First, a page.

Private Residences Checks

The powers contained in Finance Act 2008, Sch. 36 can only be used to carry out inspection visits to business premises.  HMRC do not have the power to inspect premises that are used wholly as a private residence unless invited to do so by the taxpayer.  If the premises are used partly for business and partly as a private residence, HMRC can inspect the parts used for the business.

Finance Act 2008, Sch. 36 permits HMRC to enter premises which:

‘in relation to a person, premises (or any part of premises) that an officer of Revenue and Customs has reason to believe are (or is) used in connection with the carrying on of a business by or on behalf of the person.’

It is the view of HMRC that a private residence may come within this definition if:-

  • The business is run from the home
  • Business assets are stored at the home
  • Business records are kept at the home
  • A home is registered as the principal place of business of VAT


They do accept, however, that where a person stores records at home because there is nowhere else to keep them, but has no goods or other business activity at the home, then the premises cannot be inspected at the home unless the taxpayer invites the officer to do so.

HMRC have indicated that they would consider it reasonable to conduct an inspection at a person’s home in the following situations:-

  • Where stock is kept at home
  • In the case of an outworker the stock or assets kept at their home may be inspected – the taxpayer should be given an opportunity to make the items available for inspection elsewhere if this is practical
  • At a farm the office, fields barns and areas involved in business activity can be visited but the private areas of the farm house and private garden cannot be visited without invitation
  • In the pub the cellar, bar , commercial kitchen, store rooms and any vacant rooms which are let can be visited but the private living accommodation cannot be visited without invitation
  • Where a shop ha a flat above, the commercial premises, including offices and store rooms, can be visited but any separate premises used solely as a private dwelling, for example a flat above the shop premises, cannot be visited without invitation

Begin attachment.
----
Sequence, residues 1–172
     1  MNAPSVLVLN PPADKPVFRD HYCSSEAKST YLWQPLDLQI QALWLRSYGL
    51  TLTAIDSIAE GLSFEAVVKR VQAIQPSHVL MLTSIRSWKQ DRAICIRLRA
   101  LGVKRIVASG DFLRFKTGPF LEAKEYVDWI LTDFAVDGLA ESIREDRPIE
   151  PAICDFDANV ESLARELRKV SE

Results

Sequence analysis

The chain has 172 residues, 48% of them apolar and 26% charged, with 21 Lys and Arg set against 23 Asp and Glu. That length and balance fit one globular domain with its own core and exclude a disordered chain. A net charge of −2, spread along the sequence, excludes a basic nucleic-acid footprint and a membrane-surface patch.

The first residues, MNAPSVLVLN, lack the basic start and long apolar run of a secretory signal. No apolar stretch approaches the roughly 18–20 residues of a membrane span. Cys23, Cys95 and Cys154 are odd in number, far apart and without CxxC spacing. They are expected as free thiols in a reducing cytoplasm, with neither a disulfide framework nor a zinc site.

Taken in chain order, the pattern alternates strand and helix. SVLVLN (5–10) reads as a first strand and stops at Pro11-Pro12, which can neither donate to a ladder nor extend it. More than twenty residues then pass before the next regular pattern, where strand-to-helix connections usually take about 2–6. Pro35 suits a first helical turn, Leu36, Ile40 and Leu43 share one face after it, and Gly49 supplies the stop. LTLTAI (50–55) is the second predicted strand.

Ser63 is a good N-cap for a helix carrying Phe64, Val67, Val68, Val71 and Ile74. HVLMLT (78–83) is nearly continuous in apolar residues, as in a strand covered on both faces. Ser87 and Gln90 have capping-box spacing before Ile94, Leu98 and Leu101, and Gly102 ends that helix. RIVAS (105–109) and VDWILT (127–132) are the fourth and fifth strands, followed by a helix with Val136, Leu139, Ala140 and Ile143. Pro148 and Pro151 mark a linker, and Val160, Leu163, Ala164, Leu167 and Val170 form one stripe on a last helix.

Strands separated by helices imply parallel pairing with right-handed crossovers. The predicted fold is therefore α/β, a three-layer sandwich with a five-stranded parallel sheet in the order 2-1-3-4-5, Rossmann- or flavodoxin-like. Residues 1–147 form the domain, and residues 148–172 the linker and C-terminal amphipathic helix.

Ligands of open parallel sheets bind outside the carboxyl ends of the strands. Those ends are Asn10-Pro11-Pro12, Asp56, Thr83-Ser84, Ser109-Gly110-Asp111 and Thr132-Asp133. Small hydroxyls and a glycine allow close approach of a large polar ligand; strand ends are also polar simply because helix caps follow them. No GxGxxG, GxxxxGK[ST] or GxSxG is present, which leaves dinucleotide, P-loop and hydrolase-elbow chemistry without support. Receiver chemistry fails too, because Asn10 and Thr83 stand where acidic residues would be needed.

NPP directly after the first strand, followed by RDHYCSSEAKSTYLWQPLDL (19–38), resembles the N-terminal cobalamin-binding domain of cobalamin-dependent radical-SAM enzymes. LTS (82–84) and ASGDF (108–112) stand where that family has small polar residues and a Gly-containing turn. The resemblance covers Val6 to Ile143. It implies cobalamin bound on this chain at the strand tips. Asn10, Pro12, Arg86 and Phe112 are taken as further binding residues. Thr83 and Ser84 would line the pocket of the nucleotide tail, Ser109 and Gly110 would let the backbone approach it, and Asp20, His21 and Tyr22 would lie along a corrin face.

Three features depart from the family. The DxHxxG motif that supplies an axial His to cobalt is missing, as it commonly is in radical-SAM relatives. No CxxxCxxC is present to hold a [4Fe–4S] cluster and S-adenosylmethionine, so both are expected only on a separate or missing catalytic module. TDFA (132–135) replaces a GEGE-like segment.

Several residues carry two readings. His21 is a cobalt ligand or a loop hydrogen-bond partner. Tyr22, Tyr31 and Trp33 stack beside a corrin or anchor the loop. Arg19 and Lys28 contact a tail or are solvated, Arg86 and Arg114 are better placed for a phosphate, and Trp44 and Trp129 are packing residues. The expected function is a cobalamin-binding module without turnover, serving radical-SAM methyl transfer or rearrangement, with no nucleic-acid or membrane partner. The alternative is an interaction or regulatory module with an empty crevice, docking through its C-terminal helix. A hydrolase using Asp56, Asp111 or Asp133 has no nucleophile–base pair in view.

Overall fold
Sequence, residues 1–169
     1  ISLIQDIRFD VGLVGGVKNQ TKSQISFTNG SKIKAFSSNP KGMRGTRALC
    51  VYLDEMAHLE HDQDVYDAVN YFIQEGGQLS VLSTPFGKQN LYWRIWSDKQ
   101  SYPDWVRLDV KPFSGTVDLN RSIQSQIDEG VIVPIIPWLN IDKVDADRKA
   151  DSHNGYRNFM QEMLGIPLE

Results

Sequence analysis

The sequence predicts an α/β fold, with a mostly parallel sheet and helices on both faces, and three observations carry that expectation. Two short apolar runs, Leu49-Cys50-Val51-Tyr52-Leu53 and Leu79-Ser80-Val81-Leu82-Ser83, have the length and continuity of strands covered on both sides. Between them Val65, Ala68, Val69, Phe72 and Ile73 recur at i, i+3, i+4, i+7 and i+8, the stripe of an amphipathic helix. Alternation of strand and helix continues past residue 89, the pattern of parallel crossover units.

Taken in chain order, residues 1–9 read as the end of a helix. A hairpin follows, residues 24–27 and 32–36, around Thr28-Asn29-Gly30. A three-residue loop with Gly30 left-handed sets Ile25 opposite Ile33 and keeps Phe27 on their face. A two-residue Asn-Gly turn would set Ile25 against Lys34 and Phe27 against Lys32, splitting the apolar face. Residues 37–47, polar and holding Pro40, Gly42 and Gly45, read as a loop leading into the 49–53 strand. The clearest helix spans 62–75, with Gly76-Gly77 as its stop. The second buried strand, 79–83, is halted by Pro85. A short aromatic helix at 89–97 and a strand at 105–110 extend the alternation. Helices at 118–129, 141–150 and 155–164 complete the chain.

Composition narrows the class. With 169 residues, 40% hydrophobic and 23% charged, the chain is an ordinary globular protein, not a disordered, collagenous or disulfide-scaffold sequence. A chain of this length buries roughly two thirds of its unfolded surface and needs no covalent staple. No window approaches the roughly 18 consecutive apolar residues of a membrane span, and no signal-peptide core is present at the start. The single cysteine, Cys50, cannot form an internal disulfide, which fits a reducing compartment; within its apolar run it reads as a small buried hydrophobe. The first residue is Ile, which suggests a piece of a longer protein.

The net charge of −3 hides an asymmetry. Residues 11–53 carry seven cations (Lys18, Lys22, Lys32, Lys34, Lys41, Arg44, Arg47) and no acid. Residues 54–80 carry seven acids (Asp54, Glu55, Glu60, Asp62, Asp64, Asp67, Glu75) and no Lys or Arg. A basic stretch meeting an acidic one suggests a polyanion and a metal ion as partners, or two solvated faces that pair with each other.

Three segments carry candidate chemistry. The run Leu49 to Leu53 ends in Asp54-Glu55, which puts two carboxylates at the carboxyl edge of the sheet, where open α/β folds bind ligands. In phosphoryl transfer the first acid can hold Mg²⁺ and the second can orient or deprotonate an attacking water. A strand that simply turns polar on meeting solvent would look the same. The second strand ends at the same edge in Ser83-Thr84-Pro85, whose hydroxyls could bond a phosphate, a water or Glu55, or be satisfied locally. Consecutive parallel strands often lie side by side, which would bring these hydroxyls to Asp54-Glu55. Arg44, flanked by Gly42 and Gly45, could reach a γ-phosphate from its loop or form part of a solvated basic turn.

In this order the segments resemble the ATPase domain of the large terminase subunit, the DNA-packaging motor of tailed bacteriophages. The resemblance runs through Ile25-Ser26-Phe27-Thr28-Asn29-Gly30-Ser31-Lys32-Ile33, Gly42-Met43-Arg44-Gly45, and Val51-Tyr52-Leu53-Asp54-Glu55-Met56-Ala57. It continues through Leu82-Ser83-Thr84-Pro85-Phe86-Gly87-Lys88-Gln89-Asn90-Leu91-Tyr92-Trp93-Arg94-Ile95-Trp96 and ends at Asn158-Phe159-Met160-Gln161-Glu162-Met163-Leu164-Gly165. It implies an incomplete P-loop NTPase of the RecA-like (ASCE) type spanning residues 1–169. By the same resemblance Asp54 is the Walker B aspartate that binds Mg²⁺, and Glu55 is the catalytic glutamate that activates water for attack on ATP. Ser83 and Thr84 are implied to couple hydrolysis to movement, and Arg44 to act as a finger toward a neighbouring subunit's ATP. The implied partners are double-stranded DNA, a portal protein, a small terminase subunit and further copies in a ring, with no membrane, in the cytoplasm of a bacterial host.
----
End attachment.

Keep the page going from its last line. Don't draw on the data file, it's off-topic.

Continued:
• In guest houses and hotels the bedrooms, areas available for guest use, kitchens used to prepare guest meals, store rooms and offices can be visited but any private areas of the guest house, staff bedrooms and occupied guest bedrooms cannot be visited without invitation
  • At a surgery the offices and waiting rooms can be visited as well as any consulting rooms not in use
  • Where it is appropriate to physically check that the proportion of household expenses claimed as a tax deduction is reasonable
  • Where there is evidence that a home is used for a business and that business has not been declared to HMRC
  • Where there is evidence that the business connected with the premises is being misrepresented to HMRC, for example:-


  • If a trader has no discrete business premises and reports a large turnover and claims substantial VAT repayments, HMRC need to verify the volume of trade passing through the address to check that the repayments are valid
  • If a trader has a large turnover in high value commodities but no discrete premises and no stock
  • If a mobile telephone number offering services, such as betting tips/personal services/horoscopes, is registered to a private home, HMRC need to call to establish the nature of business being operated from that address


HMRC recognise that they cannot visit homes used in connection with a business in the following circumstances:-

  • A director or employee is working from home
  • A director or employee has temporarily taken some records home from other business premises to work on
  • Premise are rented to another person and used solely by them as their home


Where one of the partners in a partnership works partly at home, HMRC would consider that the home would be a business premise of the partnership and might be inspected to check the proportion of expenses claimed as a business expense.

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